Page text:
Dharma Productions, led by producer(s) Hiroo Yash Johar and Karan Johar, actor Imran Khan, director Punit Malhotra and composers Vishal-Shekhar, come together again after the musical and middling commercial success of their last venture, I HATE LUV STORYS. Naturally, expectations are huge considering their infallible track record. So let's plug on and hear for ourselves the party album, for the party season!
The marriage party/ celebration number, 'Tooh
' is designed to rock the wedding season and one does get kind of hooked to its addictive rhythm, despite cacophonous musical arrangements. However, the lyrics which have an overdose of references to the backside with quite a few flowery synonyms is simply atrocious, and one is shocked to see it being credited to the classy (and Dharma's reliable) lyricist Anvita Dutt. While 'Tooh
' (Punjabi for bum) may sound cute but since this is a marriage party dance number (aimed at the family), and coming from Dharma Productions, whose track record is memorable in that genre ('Saajan Ji Ghar Aaye
', 'Shava Shava
' etc), one did not expect these straight references to the anatomy. Item queen, Mamta Sharma along with king Mika Singh are spot on and Shruti Pathak provides back up support.
'Dhat teri Ki
' is a nice, party/ club number with strong retro influences and has a lovely groovy rhythm that urges one to put on their dancing shoes. Fresh vocals of singers Sanam Puri and Aditi Singh Sharma add to the charm. The use of age old phrase, 'dhat teri ki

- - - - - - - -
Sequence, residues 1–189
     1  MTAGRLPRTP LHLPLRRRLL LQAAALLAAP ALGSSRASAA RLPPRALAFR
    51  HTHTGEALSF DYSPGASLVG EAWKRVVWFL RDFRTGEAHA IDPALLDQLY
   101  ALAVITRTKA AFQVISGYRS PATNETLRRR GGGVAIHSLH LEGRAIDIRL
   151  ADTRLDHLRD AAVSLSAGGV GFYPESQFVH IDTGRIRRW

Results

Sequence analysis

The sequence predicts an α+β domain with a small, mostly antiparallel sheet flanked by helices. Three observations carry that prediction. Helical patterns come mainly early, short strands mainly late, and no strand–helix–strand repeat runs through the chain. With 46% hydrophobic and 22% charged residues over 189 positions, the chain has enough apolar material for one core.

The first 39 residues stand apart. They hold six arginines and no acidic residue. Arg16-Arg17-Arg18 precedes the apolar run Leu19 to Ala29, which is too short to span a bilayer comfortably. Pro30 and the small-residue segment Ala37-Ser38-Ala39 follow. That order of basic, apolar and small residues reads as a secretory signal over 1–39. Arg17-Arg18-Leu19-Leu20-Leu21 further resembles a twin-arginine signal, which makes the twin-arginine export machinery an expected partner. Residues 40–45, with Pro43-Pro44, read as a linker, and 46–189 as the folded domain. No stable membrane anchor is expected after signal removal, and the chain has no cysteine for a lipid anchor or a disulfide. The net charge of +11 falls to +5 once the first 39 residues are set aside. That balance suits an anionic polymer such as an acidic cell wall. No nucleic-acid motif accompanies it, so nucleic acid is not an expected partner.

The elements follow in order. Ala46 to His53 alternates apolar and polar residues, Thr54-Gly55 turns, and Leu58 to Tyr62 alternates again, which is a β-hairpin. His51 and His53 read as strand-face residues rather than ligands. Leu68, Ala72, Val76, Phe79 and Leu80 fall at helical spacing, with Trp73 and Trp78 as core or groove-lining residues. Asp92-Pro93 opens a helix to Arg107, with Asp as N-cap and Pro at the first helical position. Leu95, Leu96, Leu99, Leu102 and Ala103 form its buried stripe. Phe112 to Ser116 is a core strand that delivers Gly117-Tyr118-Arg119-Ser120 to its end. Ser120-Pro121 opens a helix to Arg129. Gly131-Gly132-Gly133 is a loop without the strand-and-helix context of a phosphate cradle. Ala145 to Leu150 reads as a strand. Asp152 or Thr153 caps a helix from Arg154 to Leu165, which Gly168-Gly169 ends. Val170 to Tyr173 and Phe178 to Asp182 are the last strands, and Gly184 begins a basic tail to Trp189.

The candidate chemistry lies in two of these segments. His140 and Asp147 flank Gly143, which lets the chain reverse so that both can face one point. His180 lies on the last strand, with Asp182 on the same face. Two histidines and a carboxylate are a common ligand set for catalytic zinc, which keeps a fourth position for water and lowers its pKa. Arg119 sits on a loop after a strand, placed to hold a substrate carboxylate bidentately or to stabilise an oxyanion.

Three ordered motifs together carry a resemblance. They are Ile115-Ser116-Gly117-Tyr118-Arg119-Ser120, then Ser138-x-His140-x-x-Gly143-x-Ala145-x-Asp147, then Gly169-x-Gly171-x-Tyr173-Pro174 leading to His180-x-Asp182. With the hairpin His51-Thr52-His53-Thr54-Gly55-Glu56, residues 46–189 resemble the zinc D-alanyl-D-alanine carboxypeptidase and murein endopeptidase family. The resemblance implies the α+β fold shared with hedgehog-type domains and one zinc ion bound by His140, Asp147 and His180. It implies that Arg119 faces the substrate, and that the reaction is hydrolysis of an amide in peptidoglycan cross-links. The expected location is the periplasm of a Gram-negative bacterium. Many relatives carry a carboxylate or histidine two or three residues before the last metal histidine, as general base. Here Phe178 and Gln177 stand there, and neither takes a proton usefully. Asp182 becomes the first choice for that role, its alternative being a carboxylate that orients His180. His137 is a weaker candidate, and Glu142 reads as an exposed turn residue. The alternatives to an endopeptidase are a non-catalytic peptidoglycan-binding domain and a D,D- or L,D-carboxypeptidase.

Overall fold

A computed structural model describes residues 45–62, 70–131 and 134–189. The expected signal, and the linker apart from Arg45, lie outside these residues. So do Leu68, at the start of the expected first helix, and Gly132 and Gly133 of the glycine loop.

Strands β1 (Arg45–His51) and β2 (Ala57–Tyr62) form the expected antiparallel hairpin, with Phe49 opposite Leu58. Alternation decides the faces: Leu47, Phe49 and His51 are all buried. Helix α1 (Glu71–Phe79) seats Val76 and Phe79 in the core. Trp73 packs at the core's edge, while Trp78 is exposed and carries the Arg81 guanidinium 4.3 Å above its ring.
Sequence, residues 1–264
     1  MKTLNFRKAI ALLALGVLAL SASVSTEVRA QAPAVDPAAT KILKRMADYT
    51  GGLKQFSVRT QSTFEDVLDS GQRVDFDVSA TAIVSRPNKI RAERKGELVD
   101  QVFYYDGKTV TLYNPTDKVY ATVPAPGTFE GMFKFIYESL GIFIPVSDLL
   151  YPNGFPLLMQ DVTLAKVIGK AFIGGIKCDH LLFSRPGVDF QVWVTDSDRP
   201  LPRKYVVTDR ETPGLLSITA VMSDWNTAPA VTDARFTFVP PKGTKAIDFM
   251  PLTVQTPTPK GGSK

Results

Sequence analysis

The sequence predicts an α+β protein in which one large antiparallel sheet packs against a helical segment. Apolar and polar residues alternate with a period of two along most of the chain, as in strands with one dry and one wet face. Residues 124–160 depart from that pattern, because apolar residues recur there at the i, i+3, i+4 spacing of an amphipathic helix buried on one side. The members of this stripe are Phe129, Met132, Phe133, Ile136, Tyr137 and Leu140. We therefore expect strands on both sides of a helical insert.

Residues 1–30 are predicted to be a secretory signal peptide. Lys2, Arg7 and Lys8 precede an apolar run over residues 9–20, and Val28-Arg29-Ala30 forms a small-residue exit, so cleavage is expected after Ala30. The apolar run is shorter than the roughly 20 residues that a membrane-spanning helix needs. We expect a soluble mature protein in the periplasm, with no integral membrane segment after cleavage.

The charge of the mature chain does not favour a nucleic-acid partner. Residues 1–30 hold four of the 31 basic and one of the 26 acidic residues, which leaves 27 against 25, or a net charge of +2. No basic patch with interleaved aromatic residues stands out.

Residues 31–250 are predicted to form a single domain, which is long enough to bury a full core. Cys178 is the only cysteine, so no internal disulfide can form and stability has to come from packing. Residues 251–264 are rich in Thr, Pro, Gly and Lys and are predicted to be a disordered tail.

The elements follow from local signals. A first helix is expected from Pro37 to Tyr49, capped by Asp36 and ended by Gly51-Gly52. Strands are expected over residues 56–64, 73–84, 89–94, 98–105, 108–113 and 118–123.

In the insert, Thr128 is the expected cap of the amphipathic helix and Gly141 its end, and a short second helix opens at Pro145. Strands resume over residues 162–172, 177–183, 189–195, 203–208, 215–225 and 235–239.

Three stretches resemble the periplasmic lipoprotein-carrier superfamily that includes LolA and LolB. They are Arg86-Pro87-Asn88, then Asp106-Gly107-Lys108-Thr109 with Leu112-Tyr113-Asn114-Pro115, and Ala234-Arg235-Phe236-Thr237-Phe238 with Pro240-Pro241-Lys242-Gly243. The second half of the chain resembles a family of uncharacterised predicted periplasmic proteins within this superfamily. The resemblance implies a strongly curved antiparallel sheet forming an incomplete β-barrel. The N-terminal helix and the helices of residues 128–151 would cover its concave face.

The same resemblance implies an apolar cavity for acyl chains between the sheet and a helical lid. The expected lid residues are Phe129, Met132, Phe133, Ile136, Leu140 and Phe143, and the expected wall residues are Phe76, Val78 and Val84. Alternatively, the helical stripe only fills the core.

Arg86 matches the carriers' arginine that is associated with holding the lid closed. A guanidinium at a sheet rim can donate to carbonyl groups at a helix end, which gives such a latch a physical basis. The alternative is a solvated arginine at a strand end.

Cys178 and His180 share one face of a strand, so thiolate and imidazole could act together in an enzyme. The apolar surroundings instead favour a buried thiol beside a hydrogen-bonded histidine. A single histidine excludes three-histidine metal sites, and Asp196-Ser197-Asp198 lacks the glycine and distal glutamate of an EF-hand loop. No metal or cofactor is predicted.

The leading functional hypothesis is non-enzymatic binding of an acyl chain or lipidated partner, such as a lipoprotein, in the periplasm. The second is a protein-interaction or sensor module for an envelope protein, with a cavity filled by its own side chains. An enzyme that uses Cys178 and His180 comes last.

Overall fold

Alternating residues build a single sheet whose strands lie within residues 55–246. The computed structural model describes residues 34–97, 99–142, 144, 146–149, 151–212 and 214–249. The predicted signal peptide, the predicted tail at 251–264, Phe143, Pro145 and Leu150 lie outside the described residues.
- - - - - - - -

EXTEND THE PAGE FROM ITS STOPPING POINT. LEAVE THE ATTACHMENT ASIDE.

' is cute but once again there is a repeated reference to the derriere ('Kiss My A**) which spoils the cuteness, and this time the culprit is Kumaar. A probable hit track nevertheless. CHECK OUT: Kareena Kapoor and Imran Khan turn chefs!
'Dhat teri Ki
' remix by DJ Rishab makes this more club friendly but the original with its strong retro influences still remains the preferred version.
After 'Fevicol Se
', its 'Chingam Chabake
', the lyrics (Anvita Dutt) keep getting more and more bizarre but they do the trick. The dance number is ordinary as the tune chosen is so, and the only novelty is the spirited singing by two very talented singers, Shankar Mahadevan and Shalmali Kholgode, who manage to make it enjoyable.
' remix by Kiran Kamath is merely a space filler.
Finally, it's the Vishal-Shekhar that we were looking for all this while as we encounter the best track of the album, 'Naina
'. The classy romantic sufi based composition has a lovely flowing melody that never loses pace with superb background arrangements and excellent singing by Kamal Khan and Neeti Mohun. Lyrics (by Kausar Munir) are simple and refreshing.
Cute love ballad, 'Dil Duffer
' is rendered well by Nitesh Kadam and Shruti Pathak . The hummable melody along with lovely background arrangements (Hindustani and western) and sweet sounding lyrics (Kausar Munir) in simple Hinglish makes it nice.
Although 'Moto Ghotalo
' commences as kiddy nursery rhyme/jingle type Gujarati number, later it metamorphoses into a fun, cute, prepositioning, foot tapping track with Sukhwinder delivering this folksy number with ease and Sanah Moidutty joining him briefly towards the fag end . The song would be nice to watch on screen. CHECK OUT: Kareena Kapoor-Imran Khan sleep deprived
'Gori Tere Pyaar Mein
' mash-up by Kiran Kamath is more of a clutter/noisy affair featuring all the tracks of the album, as is the norm these days.
Summing up, while the makers of GORI TERE PYAAR MEIN! may have been aiming for a party album with three projected hit tracks, 'Tooh
', 'Dhat teri Ki
' and 'Chingam Chabake
' (and for good reasons!), but our pick is the classy 'Naina
'. The lyrics do leave a lot to be desired, especially as it comes from the Dharma Productions banner, which mostly caters to the family audience, and even GTPM is a love story aimed at them. All the same the expectedly popular (by then) music may ensure a decent opening, when the film releases all over on 22nd November 2013.